recognizing Victims of Soviet Communist and Nazi regimes
Washington, DC – Legislation designating August 23 as a “Black Ribbon Day” commemorating the victims of both Soviet communist and Nazi terror passed yesterday in the U.S. House of Representatives. It is a culmination of an ongoing two-year effort by the Joint Baltic American National Committee, Inc. (JBANC) seeking passage of this legislation.
Congressman John Shimkus of Illinois, the co-chairman of the House Baltic Caucus, sponsored the legislation and effectively shepherded its passage in the House. The legislation, part of a National Defense Authorization Act (H.R. 4435), will now be taken up by the Senate. A conference committee of both houses will work out differences.
On the eve of the bill’s passage, JBANC contacted all House member offices individually to muster needed additional support for the resolution’s passage. JBANC stressed the importance of passing the legislation this year since it marks the 75th year since the signing of the Molotov-Ribbentrop Pact in 1939. The pact divided Europe between Nazi Germany and the USSR and ushered in WWII. Ultimately this led to the 50 year Soviet occupation of the Baltic countries. This year will also mark 25 years since the “Baltic Way” was organized in 1989. This human chain united some two million Estonians, Latvians, and Lithuanians in an iconic demonstration of their resolve for freedom and independence.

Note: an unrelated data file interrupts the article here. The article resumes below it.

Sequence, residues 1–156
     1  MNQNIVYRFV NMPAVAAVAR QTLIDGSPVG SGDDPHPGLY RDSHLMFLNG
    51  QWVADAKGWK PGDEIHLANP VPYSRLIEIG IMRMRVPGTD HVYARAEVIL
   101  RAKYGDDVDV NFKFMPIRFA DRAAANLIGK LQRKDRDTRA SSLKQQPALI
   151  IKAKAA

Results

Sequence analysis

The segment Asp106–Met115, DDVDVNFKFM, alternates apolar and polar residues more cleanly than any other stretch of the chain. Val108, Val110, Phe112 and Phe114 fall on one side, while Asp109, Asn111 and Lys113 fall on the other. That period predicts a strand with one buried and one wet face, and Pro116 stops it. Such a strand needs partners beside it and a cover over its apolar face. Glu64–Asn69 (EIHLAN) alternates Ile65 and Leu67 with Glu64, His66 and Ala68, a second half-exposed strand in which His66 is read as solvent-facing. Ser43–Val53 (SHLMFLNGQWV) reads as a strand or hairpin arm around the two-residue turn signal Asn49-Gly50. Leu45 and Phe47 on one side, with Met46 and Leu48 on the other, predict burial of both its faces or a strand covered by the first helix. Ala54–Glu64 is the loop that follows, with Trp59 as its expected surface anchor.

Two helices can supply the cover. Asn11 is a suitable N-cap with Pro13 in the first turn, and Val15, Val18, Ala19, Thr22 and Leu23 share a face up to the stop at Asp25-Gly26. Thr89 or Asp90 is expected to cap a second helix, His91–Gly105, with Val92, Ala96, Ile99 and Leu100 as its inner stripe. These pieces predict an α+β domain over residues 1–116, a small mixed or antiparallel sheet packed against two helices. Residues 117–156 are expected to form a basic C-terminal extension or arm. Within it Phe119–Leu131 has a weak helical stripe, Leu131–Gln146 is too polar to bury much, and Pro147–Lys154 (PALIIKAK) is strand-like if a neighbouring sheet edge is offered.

JBANC’s appeal to Congress also highlighted the ongoing violations of Ukraine’s sovereignty and Putin’s concurrent aggression, a haunting reminder of Hitler’s and Stalin’s maneuvers leading to the outbreak of the Second World War.
Over the past several years the European Parliament, Council of Europe, Canada’s Parliament, as well a number of countries in Europe have passed similar Black Ribbon Day resolutions to achieve a historical “reconciliation based on truth and remembrance.” In passing this legislation, the United States Congress unambiguously asserts that the victims of the most destructive regimes in history will not be forgotten and will be remembered by future generations as well.
Rep. Shimkus introduced the Black Ribbon Day resolution in July 2013, and about 50 co-sponsors signed on. The language of that bill, with some modifications, was adopted in the military authorization bill. An earlier version of the Black Ribbon Day resolution was introduced in the previous Session of Congress in 2012, with significant input from JBANC. JBANC and other Baltic-Americans organizations and individuals actively joined in supporting this legislation.
JBANC represents the Estonian American National Council, Inc., the American Latvian Association in the U.S., and the Lithuanian American Council, Inc.
Joint Baltic American National Committee, Inc.
Estonian American National Council, Inc.
American Latvian Association, Inc.
Lithuanian American Council, Inc.
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